Secondly, intensive care management should be team based. The ICU team includes the nurses, doctors, dieticians, physiotherapists and others contributing to patient care on a daily basis. The team needs a leader, preferably an intensivist who encourages a ‘flat hierarchy’ and an open and effective communication system.11 This requires a joint ward round where the various professionals can provide their input and remind, challenge and support each other. Even a very good but dominant individual cannot beat a team when it comes to decision making.12 A harmonious team also means that the patient and family do not pick up conflicting messages about the patient’s progress and expected outcome.

Keeping good notes is essential, not only as the most important defence weapon in the (no longer unlikely) event of a legal issue, but also as part of the communication around patient management. Notes should not only record clinical findings and events but the reason why decisions were made. It is advisable to keep a copy of one’s own notes as well as sharing them with colleagues in the patient’s hospital folder.

Finally, maintaining a supportive relationship with the patient’s family is extremely important, not only to assist them through an emotionally difficult time but also because they are the patient’s surrogate decision makers. Families need information, but one should avoid the mistake of flooding them with medical minutiae. Giving them time to ask questions is more important. It is not usually possible to establish a relationship with the patient while they are critically ill, but a follow-up visit after they have left the ICU is an important way of linking with them at a personal level and at the same time giving them an explanation of what happened and what the likely consequences are.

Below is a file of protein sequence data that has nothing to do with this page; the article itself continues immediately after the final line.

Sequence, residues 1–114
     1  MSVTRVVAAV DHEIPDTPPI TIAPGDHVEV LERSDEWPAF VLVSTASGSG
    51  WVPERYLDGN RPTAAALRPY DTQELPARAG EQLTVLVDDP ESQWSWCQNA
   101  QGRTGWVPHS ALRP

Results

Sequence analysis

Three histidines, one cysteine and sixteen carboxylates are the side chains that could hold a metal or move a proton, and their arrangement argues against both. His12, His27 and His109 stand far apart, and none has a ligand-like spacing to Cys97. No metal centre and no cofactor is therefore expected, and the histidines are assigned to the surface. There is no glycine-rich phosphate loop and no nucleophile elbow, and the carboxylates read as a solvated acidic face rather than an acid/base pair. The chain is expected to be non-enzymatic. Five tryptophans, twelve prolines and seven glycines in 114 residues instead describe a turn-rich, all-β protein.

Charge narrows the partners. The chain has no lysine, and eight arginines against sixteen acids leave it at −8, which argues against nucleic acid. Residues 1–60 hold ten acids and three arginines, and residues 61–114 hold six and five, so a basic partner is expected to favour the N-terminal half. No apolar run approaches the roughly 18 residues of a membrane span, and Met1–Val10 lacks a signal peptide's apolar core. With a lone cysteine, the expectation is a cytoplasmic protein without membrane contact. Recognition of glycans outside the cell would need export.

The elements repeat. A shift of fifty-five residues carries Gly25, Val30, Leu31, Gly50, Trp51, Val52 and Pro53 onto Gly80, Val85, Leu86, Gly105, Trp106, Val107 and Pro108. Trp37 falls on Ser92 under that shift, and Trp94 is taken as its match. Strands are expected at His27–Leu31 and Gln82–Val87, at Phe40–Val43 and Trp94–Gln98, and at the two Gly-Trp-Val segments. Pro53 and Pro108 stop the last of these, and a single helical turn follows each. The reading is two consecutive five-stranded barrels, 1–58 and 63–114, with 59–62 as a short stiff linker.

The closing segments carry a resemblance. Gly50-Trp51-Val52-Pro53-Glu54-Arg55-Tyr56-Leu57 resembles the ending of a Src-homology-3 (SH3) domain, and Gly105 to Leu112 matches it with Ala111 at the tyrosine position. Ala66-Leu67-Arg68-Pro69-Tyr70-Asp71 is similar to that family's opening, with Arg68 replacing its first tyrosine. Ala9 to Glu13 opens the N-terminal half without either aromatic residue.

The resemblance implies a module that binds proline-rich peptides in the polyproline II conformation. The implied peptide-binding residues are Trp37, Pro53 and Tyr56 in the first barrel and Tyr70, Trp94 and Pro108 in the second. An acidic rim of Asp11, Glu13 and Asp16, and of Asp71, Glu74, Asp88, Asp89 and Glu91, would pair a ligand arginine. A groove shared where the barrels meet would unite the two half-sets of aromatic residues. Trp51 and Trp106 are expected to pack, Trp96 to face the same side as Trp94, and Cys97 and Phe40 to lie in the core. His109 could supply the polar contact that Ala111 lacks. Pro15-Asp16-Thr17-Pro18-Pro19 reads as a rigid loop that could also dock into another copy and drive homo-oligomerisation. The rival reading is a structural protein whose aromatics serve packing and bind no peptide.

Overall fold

W L Michell

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(accessed 1 June 2011).